**Secret Share for participant i:**

$s_i = \sum_j f_j(i)$ for all dealers $j$ that **were not excluded during the complaint phase.**

**Public Key**

$S = \sum_j F_j(0)$ for all dealers $j$ that **were not excluded during the complaint phase.**

# Random Beacon

$GT$ must be able to issue period random values, as a random beacon.

In the setting of threshold cryptography, the obvious and simple approach is to use a threshold BLS signature scheme, as in specified in drand specs.

**TLDR**

**Signature Generation:**

- Messages $m_r$ are consecutive rounds $r= 1, r=2, \dots$
- Each node partial sign $\sigma_{i,r} = [s_i]H(m_r)\in G_1$
- There is an aggregation for the final signature (either by a liveness-trusted aggregator or by all nodes)
- $\sigma = \sum_{i \in S} \delta_i(0)\sigma_{i,r}$
- where $S$ is a $t$-sized set of valid partial signatures

**Verification:**

- Check if $e(\sigma, g_2) == e(H(m_r), P)$

**Implementation:**

- Same code as in DKG (code), also works with blinded BLS signatures

**Future**

- Same thing for the roots of unity: at scale it makes the difference to be practical. Need implementation of BLS sig using roots of unity

# Encryption

Using pairings and BLS signatures the way we do above, it allows us to have two kinds of encryption system:

- Public Decryption is where the threshold network will reveal a key that allows anybody to decrypt a ciphertext, using the identity based paradigm. Think of it as if a trusted third party were decrypting messages that were encrypted to it. If this third party obeys to a smart contract, it's equivalent to say that it gives the smart contract the functionality to decrypt messages encrypted to it.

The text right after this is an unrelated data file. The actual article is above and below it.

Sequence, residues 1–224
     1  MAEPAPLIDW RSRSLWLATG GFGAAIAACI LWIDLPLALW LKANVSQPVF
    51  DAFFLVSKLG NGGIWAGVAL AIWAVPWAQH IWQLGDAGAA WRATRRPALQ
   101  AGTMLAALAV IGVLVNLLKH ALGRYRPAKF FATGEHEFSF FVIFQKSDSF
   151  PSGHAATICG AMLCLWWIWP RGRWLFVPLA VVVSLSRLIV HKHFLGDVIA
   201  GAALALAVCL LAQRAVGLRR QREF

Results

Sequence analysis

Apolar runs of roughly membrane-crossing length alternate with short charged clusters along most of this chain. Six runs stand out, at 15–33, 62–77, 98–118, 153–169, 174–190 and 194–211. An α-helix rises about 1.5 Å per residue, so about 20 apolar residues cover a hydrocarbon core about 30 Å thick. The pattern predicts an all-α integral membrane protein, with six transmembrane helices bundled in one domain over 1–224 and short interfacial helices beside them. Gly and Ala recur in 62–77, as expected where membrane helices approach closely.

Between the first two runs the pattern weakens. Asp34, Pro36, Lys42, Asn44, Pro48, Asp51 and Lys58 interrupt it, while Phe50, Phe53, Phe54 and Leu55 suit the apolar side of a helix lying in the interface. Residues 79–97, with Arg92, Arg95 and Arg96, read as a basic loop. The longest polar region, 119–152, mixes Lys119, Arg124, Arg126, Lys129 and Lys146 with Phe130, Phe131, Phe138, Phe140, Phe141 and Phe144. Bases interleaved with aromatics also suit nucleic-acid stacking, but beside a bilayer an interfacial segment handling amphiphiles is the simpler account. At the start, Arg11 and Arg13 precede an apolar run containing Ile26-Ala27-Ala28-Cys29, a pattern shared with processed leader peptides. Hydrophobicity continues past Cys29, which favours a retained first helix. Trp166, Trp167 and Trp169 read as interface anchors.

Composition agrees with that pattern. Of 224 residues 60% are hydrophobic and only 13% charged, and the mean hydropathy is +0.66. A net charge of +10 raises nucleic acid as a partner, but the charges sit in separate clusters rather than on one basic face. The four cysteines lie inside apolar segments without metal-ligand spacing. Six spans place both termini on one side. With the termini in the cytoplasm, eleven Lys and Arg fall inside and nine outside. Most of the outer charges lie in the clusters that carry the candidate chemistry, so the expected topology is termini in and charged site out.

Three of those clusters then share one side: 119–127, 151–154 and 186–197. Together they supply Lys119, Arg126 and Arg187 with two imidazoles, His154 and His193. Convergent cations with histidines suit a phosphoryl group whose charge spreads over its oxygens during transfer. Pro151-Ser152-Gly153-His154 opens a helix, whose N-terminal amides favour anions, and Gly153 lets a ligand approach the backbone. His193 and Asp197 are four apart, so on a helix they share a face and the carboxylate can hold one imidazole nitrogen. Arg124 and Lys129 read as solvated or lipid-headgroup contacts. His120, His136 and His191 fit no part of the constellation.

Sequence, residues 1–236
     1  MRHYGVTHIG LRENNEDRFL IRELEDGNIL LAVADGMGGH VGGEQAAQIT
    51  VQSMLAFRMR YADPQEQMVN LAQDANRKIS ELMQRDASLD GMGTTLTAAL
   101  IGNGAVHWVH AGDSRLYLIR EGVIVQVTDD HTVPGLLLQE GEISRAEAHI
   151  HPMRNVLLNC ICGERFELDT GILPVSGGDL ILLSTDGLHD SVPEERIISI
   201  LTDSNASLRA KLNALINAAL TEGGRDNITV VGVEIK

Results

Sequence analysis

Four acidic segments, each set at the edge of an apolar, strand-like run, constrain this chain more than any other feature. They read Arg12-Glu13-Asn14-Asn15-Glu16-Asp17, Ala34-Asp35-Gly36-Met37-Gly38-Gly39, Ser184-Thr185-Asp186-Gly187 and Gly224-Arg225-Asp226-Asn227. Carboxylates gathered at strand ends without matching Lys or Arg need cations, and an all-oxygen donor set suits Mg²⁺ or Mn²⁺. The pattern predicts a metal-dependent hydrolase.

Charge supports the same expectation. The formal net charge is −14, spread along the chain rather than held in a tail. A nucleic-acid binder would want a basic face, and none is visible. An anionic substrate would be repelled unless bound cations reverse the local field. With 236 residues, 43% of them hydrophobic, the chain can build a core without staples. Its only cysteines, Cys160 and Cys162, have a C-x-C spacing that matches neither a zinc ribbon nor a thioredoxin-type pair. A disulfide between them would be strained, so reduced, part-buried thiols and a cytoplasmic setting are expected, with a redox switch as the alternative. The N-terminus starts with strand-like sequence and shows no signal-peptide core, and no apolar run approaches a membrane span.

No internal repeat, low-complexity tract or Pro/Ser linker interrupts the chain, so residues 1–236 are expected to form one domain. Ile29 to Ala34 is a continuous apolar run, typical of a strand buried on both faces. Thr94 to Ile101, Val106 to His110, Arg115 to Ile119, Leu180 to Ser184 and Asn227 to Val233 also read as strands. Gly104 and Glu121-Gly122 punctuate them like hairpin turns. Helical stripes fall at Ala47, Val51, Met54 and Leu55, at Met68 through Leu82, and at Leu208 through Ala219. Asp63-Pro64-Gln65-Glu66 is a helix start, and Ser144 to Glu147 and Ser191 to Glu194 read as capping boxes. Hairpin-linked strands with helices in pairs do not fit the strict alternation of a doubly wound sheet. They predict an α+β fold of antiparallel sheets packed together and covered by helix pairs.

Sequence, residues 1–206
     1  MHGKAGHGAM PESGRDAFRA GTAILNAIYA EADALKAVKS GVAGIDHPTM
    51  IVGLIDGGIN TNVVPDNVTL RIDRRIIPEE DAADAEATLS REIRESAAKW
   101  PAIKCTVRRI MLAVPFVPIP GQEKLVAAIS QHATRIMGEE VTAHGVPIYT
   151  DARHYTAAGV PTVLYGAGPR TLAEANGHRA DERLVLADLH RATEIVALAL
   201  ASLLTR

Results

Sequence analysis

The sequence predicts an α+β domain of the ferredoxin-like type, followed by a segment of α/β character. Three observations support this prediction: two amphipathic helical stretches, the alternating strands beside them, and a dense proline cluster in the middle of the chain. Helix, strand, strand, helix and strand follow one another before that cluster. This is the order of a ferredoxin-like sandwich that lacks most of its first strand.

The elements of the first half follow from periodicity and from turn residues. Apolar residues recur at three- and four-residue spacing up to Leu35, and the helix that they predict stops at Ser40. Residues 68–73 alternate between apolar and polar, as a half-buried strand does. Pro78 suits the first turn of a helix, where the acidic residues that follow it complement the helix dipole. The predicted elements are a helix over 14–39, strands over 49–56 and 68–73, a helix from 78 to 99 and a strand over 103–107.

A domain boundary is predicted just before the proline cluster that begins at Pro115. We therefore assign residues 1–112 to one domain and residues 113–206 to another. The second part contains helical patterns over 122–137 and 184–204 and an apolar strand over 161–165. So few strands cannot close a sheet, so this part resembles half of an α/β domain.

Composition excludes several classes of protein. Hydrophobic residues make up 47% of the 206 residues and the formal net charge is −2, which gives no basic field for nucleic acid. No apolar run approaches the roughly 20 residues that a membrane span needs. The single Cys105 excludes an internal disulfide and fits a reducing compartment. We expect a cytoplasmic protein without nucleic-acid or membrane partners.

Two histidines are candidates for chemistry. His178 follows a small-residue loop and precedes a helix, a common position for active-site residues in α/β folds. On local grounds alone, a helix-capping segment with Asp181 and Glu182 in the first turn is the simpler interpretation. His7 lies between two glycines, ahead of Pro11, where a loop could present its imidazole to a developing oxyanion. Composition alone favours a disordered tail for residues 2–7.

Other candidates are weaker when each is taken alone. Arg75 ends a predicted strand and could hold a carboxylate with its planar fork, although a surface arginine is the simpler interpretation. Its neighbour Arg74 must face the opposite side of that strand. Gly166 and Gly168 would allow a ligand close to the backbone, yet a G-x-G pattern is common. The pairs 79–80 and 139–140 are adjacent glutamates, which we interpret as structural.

- Private Decryption is where the threshold network's output is only decryptable by a given party with a specified private/public key pair

## Public Decryption (IBE)

### Intuition in blockchain context

Think of it as if a trusted third party were decrypting messages that were encrypted to it. If this third party obeys to a smart contract, it's equivalent to say that it gives the smart contract the functionality to decrypt messages encrypted to it. Note however in practice, everybody can decrypt the ciphertexts *thanks to released material from the threshold network.* The plaintext is not hidden in the smart contract (as currently, nothing is hidden).

The network will only decrypt the message upon a certain condition. For example, "timed encryption" means the network will release the private key material only after a certain time. If the condition is based on the exchange of tokens, the network will only release the material after the exhange has taken place. Etc.

**Usages: **Sealed bid auctions, timed encryptions, complex reward system (a complex condition will trigger the public decryption of the reward) etc

**Performance: **

- For the network, it is similar to threshold BLS
- For the decrypting an encrypted message client performs 1-2 pairings + XOR